First-time visitors to Astek probably step in for the same reason most people convene at a reputable Istanbul meyhane: Good conversation in a cozy setting over a few cold glasses of rakı, together with fresh melon and white cheese, and perhaps a hot appetizer or two once the anise-based spirit has succeeded in seriously stimulating the appetite.
And while one is unlikely to be displeased with any of Astek’s fine offerings, the head waiter and manager Mehmet Akkök is the reason why regulars return. Mehmet Bey brings to the table an exuberance and keen sense of professionalism that comes with years of service in the sector he loves.
Unfortunately common in Istanbul, overly pushy service can ruin the vibe of one’s rakı sofrası and spoil the taste of even the best mezes, as we regrettably experienced on a recent trip to an old haunt (which we will not name in the hope that this was a one-time thing). Though our table was in the process of running up a hefty tab, the waiter kept stopping by and asking us if we’d like a salad or an appetizer or another grilled fish. We felt pressured and agitated. Our buzz was killed, our mood clouded like a glass of watered-down rakı.
A good meyhane waiter is carefully attentive without stressing the table out: He knows exactly when to ask diners if they would like to proceed with hot appetizers or a main course, and doesn’t revert to a vacuum-salesman’s pitch on behalf of a house salad. The urge to gather over a rakı sofrası and unwind by sharing personal and collective troubles has only deepened in 2017, a year of upheaval in Turkey, and the last thing one needs is the waiter harshing their mellow. Fortunately at Astek, this is entirely out of the question.
Astek (the name has nothing to do with Mesoamerican empires but rather is a play on the term “one and only”) has served the Pangaltı/Kurtuluş area since 1986, and has built a reputation on well-crafted meze and hot appetizers, reasonable prices, and above all Mehmet Bey’s superb service. You’ll be hard pressed to find it empty even early in the week, and we’d recommend a reservation after Wednesday. Divided between a narrow dining room allotted for non-smokers and a room in the back where smoking is permitted (large windows provide ample ventilation), the place fills up quick.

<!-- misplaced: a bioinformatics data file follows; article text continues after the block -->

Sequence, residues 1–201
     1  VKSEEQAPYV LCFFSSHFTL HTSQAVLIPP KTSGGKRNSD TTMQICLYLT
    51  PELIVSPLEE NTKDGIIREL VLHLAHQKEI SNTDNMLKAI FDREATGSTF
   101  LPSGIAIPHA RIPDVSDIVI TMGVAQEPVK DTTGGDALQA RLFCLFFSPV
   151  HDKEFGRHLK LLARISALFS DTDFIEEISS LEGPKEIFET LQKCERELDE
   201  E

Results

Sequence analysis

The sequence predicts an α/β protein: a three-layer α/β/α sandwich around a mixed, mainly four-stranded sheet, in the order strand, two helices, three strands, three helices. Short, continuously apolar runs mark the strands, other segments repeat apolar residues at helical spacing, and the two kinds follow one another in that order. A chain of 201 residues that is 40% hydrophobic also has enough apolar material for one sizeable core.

“We try to do what we can without offending anyone,” Mehmet said, sharing anecdotes of accommodating late arrivals and fitting in as many people as possible via creative seating arrangements.
The 38-year-old Mehmet Bey has worked at Astek since he was 15; he has made the place his domain, though he harbors no authoritarian complex. He simply loves his job and is always at the top of his game. He even calls to check in on his infrequent day off.
“I rarely take a day off. Maybe two or three times in a year!” Mehmet Bey exclaimed. Hailing from the Black Sea province of Ordu, best known for producing a serious chunk of the world’s hazelnuts, Mehmet Bey still works even when he’s on vacation. “I go to the village and collect hazelnuts,” he said with a smile.
The last thing one needs when gathering around a rakı sofrası is the waiter harshing their mellow.
When asked about Astek’s specialities, Mehmet Bey immediately named the paçanga böreği. We weren’t surprised to then learn that Mehmet Bey himself makes the flaky, savory pastry, a sublime, melty configuration of pastırma (dried, cured beef) and kaşar cheese. Imagine a Michelin chef taking it upon herself to reconstruct the Hot Pocket – it’s that good. We try not to leave without having a portion or two.
But let’s not get ahead of ourselves. We always start out a meal at Astek with fresh sliced kavun, the green melon that manages to be juicer and more memorable than the best honeydew we enjoyed elsewhere. Followed are the dependably delicious cold meze, namely köpoğlu (chopped zucchini and eggplant swimming in a garlicky yogurt sauce), lahana dolması (rice-stuffed cabbage rolls) and peynirli biber dolması (spicy pickled green and red peppers filled with soft white cheese).
Right when we think Astek’s excellent meze selections are a bit on the traditional side of things, Mehmet whips out an on-the-house plate of soslu patates, a house special of thinly-sliced potatoes that are fried and then marinated in a light yet flavorful sauce. They are served room temperature but never soggy.
Expect a relaxing meal at Astek to end with a complimentary fruit plate courtesy of Mehmet Bey and a choice of either Turkish coffee or shot of liqueur (mint or almond-flavored). These days we find some evenings call for both, and Mehmet Bey doesn’t bat an eye. He will then accompany you every step of the way to the door, shaking your hand, beaming his twinkling, bespectacled smile and giving you his card even if he’s done so before.
Not that we ever need it, because we always know where he can be found.
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